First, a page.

Colin Stetson and Sarah Neufeld ~ Never were the way she was

CST113cover_1400pxIt’s a lovely thing when two solo artists mesh – in this instance, saxophonist / clarinetist Colin Stetson and violinist Sarah Neufeld.  Each artist is coming off an artistic triumph (Stetson’s New History Warfare series and Neufeld’s solo debut Hero Brother), and each has developed a solid reputation.  By joining forces, they demonstrate that their primary goal is no longer the establishment of their careers, but the investigation of new timbres.

The surprise is that these duets sound so instinctive, as if the artists had grown up together.  Never were the way she was was recorded live and loopless, but it creates the illusion of layers.  Neufeld’s occasional wordless vocals only add to the illusion, as measured as the instruments are wild.  On “Won’t be a thing to become”, they grow into a near-chorus as the strings swoon and the bass clarinet does an incredible imitation of a standup bass.  On “With the dark hug of time”, Stetson’s short breaths and exhalations transform into tones that one might mistake for those of an analogue synth.  As Neufeld plays ever faster, the horns race to her side, happy to cross the finish line together.  But then Neufeld slows, and Stetson keeps going: an unexpected, glowing contrast.  In the final 35 seconds, the performers’ speeds match once more.  While one may think of “The Tortoise and the Hare,” the background is instead the story of “a girl who ages slow as mountains,” and is out of synch with the world.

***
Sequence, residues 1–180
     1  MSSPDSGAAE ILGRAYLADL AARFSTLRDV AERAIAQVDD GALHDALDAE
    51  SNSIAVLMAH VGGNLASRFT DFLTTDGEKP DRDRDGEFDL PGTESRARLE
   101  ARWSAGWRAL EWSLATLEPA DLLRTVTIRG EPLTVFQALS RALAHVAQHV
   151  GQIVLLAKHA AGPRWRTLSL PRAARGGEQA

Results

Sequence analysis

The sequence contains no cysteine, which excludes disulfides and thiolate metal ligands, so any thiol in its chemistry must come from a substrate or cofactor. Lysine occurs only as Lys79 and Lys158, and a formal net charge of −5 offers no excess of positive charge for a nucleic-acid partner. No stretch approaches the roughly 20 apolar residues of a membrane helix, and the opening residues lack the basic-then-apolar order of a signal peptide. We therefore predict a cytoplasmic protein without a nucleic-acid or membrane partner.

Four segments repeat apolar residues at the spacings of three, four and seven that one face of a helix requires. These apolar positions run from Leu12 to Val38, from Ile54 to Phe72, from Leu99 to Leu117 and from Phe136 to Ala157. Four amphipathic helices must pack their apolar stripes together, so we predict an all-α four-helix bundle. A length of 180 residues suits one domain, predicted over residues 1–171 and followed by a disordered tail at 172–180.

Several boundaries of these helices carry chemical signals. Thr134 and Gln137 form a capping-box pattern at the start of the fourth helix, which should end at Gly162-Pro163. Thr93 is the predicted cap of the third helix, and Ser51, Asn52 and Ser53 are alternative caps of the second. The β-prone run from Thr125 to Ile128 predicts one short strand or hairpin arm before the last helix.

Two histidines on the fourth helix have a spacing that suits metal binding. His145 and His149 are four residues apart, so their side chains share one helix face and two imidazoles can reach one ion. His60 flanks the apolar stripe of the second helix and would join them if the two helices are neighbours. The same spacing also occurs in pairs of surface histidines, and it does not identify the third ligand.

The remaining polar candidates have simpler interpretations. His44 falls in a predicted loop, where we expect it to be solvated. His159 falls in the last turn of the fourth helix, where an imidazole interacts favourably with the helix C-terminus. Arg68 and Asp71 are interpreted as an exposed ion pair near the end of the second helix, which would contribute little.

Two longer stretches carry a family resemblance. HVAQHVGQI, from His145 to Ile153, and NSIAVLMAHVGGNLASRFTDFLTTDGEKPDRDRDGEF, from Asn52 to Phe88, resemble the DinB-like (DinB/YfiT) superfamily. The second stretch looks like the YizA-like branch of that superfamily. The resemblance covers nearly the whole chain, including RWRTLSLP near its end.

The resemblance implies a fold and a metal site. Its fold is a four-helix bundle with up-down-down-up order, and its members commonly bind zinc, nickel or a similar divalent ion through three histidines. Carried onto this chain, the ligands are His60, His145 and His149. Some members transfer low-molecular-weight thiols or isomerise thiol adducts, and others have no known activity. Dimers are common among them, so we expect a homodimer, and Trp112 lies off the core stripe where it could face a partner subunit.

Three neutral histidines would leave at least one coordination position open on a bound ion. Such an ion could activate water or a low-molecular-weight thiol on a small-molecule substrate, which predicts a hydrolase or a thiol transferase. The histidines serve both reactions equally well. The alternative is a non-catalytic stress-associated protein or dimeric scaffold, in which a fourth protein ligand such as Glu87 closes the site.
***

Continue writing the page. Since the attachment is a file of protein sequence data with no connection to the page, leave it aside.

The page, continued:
Stetson and Neufeld“The sun roars into view” may be the lead track, and “The rest of us” the billed centerpiece, but the heart of the album lies in one of its shortest songs, the 3-minute “And still they move.”  On this elegant piece, “they” do indeed move, albeit very slowly, a pure reflection of the album’s theme.  As deep sighing vocals drift like fog across a barren landscape, one can sense the sadness of an untethered soul.  “With the dark hug of time” picks up the thread and slogs across the field, growing more determined with each passing minute.  When the track transforms into a slow march (with a beat), one recalls Neufeld’s percussive tapping on Hero Brother; she can indeed do two things at once.  Stetson’s sounds here are animalistic, filled with huffing and puffing.  In the final minutes, the beat stops, and Neufeld sings to herself as if she has lost her way.  The title track is incredibly sad, as if the protagonist is coming to terms with her fate: to live forever outside of time and yet within it, like a discarded watch that no one has remembered to wind.  There’s no telling whether either artist actually feels this way; but in this world, at least they have each other.  (Richard Allen)

Release date:  28 April

Available here

One comment

  1. Pingback: ACL 2015: Top Ten Modern Composition | a closer listen

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